Royal Bank of Scotland v Allen

The Court of Appeal found a bank to be in breach of the reasonable adjustment duty, because its main branch in Sheffield was not accessible to wheelchair users. Even if banking services could be accessed in alternative ways, such as over the internet, the policy of the Disability Discrimination Act was to provide a service … Read more

Roads v Central Trains

The Court of Appeal considered the reasonable adjustment duty for service providers. The court said that the policy of the legislation is not a minimalist policy of simply ensuring that some access is available to the disabled. It is, so far as reasonably practicable, to approximate the access enjoyed by disabled persons to that enjoyed … Read more

Ross v Ryanair

Court of Appeal, 2004. Full judgment: Facts Mr Ross was charged for the provision of a wheelchair to get from the check-in point at Stansted airport to the plane. Ryanair argued amongst other things that its service was a transport service and therefore exempt under DDA s.19(5). It provided a transport service and anything … Read more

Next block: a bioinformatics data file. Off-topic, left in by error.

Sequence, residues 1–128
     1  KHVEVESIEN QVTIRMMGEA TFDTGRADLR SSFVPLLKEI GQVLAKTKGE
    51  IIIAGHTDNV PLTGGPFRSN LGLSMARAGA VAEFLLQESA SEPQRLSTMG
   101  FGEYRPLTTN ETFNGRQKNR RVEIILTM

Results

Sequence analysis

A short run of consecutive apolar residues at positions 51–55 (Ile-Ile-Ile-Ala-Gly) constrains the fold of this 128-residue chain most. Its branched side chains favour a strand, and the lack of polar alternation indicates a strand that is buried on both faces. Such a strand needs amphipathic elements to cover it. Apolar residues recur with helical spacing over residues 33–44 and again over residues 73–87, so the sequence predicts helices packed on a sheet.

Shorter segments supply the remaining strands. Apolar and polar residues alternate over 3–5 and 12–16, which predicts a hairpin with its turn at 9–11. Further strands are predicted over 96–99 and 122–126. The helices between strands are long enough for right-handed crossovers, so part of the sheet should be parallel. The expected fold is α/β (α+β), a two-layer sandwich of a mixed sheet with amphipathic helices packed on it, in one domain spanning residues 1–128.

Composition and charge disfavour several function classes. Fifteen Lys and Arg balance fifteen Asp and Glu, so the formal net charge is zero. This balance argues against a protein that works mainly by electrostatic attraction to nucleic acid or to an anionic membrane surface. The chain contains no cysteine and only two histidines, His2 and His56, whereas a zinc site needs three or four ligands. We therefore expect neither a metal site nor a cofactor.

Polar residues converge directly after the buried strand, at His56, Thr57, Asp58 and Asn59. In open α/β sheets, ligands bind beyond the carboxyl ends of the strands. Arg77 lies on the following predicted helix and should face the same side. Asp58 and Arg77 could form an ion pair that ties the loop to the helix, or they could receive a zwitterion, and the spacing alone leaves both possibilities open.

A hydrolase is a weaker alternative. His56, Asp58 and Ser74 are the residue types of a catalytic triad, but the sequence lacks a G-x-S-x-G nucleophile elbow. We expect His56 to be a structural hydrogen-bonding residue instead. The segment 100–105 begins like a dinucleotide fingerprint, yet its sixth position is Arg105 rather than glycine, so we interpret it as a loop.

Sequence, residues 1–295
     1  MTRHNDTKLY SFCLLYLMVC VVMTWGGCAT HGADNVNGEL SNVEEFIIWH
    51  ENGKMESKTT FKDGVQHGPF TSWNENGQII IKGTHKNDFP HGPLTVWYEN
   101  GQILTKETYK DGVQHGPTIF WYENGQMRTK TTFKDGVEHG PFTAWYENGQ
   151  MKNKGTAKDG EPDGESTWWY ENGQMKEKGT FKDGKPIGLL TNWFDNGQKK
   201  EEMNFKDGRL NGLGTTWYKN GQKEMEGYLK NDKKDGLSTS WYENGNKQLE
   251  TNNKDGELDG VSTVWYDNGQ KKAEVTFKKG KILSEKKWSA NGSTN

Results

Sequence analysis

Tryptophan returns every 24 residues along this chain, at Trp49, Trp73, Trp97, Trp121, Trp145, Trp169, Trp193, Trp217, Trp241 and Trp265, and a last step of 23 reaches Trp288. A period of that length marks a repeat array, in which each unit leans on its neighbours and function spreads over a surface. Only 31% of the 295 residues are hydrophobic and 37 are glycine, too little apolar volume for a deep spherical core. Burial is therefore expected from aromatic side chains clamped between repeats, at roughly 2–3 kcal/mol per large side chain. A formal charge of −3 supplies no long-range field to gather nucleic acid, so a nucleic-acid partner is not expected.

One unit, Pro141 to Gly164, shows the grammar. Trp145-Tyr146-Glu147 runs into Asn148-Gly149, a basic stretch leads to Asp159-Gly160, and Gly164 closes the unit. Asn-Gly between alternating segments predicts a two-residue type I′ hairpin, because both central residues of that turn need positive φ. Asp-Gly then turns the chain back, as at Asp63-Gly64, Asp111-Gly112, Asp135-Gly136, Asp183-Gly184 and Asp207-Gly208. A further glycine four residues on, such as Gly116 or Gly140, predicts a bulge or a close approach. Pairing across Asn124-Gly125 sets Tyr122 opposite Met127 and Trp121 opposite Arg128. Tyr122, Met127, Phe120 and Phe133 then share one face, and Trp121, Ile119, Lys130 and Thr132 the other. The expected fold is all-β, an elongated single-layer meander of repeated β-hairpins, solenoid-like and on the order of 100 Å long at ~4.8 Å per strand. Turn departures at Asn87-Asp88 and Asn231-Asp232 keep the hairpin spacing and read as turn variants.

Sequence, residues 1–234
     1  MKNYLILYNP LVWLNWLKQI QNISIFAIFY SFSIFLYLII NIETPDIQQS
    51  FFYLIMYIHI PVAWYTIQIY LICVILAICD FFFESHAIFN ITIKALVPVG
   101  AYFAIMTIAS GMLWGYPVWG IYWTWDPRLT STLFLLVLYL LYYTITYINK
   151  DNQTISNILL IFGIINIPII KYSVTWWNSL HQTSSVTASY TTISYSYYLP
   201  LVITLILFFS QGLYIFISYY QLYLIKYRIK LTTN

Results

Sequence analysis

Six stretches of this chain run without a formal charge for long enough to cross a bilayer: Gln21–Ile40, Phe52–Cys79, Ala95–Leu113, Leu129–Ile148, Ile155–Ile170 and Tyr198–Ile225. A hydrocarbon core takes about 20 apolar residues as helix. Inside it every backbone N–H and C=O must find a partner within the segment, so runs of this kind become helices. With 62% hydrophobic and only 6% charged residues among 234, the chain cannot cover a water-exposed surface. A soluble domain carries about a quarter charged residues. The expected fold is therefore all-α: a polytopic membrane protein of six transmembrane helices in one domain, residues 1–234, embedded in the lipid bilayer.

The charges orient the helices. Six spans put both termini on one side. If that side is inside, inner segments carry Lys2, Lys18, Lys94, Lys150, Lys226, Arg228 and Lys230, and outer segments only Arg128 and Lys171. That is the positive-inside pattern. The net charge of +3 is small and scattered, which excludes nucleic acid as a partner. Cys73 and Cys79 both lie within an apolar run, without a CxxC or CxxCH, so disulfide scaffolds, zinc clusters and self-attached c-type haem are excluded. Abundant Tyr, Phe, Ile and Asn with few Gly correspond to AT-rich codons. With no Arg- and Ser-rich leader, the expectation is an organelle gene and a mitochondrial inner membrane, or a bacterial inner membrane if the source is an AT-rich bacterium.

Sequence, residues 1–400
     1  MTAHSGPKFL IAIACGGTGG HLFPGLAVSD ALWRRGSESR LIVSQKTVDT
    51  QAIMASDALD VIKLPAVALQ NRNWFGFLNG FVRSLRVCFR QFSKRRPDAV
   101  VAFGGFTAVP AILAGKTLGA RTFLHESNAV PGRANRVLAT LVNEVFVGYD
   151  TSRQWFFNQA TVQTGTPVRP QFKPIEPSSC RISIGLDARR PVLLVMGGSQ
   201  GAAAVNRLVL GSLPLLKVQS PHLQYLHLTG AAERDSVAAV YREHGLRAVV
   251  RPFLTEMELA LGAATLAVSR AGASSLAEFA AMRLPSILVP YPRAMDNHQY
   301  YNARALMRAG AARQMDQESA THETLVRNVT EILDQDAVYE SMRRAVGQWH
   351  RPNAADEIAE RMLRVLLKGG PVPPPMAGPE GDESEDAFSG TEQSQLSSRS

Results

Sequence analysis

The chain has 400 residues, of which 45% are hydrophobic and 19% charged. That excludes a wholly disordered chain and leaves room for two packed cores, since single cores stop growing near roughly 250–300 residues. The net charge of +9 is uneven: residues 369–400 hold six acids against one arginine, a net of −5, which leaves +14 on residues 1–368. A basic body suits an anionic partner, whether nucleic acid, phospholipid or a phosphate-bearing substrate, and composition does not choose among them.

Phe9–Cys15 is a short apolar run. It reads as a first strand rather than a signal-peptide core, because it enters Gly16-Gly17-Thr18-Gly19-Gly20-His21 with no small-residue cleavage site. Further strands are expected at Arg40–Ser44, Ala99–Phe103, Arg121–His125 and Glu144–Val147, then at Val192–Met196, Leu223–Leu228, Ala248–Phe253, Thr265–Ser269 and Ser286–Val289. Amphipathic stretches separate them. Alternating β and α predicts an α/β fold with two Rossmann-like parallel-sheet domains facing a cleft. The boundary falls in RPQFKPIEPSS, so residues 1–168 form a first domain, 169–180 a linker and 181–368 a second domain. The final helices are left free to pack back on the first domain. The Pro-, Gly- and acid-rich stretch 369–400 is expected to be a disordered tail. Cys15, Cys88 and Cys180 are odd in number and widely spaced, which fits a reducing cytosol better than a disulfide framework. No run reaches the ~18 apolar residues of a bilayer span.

R v. Immigration Officer at Prague Airport ex parte European Roma Rights Centre

This important decision emphasises that it can be direct discrimination to stereotype people, even if the stereotype has some truth to it. An individual should not be assumed to hold characteristics associated with the group, whether or not most members of the group do indeed have such characteristics, House of Lords, 2004. Full judgment: … Read more

Phelps v Hillingdon Council

House of Lords, 2000. Full judgment: The case of Phelps v Hillingdon Council involved a child had dyslexia. An educational psychologist failed to diagnose the dyslexia. Accordingly the child was not given education appropriate to her condition. The House of Lords upheld a decision that the educational psychologist owed a duty of care to … Read more

James v Eastleigh Borough Council

House of Lords, 1990. Full judgment: The Council provided free swimming facilities for old age pensioners. At the time this meant the qualifying age was 65 for men and 60 for women. The House of Lords held this was sex discrimination, regardless of motive. The test was objective. ‘But for’ his gender, a man … Read more